Here’s the biggest problem with SOPA and its companion in the Senate, the PROTECT-IP act: It presumes that legislation is in any way needed. The entertainment industry is already legislatively over-served. Higgins says, “a lot of the complaints and issues raised [as a need for SOPA] are already addressed with existing laws.”
The problem is that the RIAA, MPAA, BSA and other parties aren’t satisfied with anything less than immediate gratification and ridiculous penalties for anyone that might infringe – however lightly – on their copyrighted material. Couple that with law enforcement and legislators all too happy to grab a bit more power, and you have a real problem.
(ReadWriteWeb, Cautious Optimism Follows SOPA Hearings: Don’t Get Cocky)
SOPA was always going to be a taller order for the entertainment industry to pass than many observers had bargained. Yet too much is at stake on either side for the issue to just go away: the profits than the industry has grown accustomed to earning over the past fifty years or so on the one hand—with the accompanying sense of entitlement—and the real risk that the essential freedom inherent in the uncensored Internet itself will be fatally compromised on the other.
The balance of power is inexorably shifting away from the entertainment industry, because the economic model on which its profits were based has been made obsolete by the Internet. But it has powerful allies in Congress and elsewhere—France’s President M Sarkozy not least among them. There is a risk, therefore, that leaders in other countries will attempt to set the clock back in response to heavy lobby pressure. This would not just be a setback for the consumer: it would infringe the fundamental freedom underpinning the Internet: unbiased access to information for everyone, everywhere.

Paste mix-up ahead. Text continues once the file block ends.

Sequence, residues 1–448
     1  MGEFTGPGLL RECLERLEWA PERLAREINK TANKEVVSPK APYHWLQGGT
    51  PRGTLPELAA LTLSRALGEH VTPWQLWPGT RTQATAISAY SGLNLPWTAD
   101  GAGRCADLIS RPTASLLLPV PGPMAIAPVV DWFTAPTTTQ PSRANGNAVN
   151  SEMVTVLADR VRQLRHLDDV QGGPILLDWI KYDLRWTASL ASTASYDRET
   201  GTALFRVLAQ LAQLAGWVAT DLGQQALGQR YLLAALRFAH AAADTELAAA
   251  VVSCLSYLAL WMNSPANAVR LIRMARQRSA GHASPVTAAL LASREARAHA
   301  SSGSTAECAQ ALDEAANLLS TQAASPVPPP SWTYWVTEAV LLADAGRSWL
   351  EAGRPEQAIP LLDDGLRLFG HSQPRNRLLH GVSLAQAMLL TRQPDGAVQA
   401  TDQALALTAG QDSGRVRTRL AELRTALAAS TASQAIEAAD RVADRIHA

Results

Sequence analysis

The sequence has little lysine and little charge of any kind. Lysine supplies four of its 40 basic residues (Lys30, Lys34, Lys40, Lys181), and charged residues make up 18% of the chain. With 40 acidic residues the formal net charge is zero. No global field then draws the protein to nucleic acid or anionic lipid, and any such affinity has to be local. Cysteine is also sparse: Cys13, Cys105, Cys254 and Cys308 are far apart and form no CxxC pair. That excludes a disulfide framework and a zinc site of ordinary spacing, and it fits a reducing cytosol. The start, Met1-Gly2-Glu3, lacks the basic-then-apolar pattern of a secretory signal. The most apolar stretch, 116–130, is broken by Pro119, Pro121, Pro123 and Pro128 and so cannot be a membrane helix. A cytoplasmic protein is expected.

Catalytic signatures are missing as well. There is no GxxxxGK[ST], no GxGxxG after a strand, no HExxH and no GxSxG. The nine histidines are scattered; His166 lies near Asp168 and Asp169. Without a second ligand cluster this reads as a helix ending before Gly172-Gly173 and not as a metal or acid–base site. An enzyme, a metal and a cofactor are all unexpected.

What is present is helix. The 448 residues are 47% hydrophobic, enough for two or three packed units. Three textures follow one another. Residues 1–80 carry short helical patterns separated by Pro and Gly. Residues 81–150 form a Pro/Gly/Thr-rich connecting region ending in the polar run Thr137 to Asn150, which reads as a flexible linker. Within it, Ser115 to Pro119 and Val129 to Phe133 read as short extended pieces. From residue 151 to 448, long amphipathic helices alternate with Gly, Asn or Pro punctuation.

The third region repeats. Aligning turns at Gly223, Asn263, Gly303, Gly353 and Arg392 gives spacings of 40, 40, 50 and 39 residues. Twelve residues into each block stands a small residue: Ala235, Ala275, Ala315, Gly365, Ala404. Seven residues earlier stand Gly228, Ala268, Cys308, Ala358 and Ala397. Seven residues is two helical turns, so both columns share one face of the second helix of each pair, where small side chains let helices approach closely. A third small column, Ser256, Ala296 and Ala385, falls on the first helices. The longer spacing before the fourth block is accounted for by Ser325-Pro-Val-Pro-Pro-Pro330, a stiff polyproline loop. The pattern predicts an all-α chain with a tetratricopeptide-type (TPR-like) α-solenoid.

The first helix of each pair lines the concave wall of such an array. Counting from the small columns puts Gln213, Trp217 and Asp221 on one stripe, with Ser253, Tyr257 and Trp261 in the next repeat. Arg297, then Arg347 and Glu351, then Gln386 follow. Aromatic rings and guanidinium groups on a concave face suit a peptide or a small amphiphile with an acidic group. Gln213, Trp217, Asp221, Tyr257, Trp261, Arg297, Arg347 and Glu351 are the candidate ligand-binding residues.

The persistence of this debate will inevitably spill over—indeed, has already started dong so—towards the wider one of Internet governance: governments everywhere will increasingly be tempted to gain ultimate control of the web, albeit dressed up as a supranational body with the inevitable politicisation characterizing all international organisations. China, India, South Africa, Russia and Iran have for some time been lobbying for the International Telecommunications Union (ITU) to take over the regulatory task currently undertaken by ICANN: if they succeed in convincing Western governments to concede this, the Internet as we have known it would face a grave existential threat.